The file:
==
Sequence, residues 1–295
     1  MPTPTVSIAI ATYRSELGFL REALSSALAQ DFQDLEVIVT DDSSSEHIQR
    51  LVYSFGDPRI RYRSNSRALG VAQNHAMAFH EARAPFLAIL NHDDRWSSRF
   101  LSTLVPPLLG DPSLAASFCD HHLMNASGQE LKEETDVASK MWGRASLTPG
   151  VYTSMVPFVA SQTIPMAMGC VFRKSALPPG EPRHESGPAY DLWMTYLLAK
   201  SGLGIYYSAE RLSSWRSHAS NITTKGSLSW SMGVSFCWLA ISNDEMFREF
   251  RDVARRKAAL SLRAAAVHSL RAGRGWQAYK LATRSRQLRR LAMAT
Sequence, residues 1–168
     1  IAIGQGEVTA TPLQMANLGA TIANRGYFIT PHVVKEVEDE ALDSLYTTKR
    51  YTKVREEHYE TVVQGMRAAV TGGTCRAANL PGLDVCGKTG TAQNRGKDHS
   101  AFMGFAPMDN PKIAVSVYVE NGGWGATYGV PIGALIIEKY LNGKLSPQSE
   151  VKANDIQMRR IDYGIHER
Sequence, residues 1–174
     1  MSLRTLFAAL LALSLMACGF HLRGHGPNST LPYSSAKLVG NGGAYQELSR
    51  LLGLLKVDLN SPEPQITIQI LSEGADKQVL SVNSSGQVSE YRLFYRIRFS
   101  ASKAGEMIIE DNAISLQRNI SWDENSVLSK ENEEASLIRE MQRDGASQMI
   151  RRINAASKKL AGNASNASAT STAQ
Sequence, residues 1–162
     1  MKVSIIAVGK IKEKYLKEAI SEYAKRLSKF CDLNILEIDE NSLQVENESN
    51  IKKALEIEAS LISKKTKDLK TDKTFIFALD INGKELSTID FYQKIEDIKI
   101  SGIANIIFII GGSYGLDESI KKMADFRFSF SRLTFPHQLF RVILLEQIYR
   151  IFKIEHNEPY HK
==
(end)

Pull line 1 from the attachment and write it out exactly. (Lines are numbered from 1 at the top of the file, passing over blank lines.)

Sequence, residues 1–295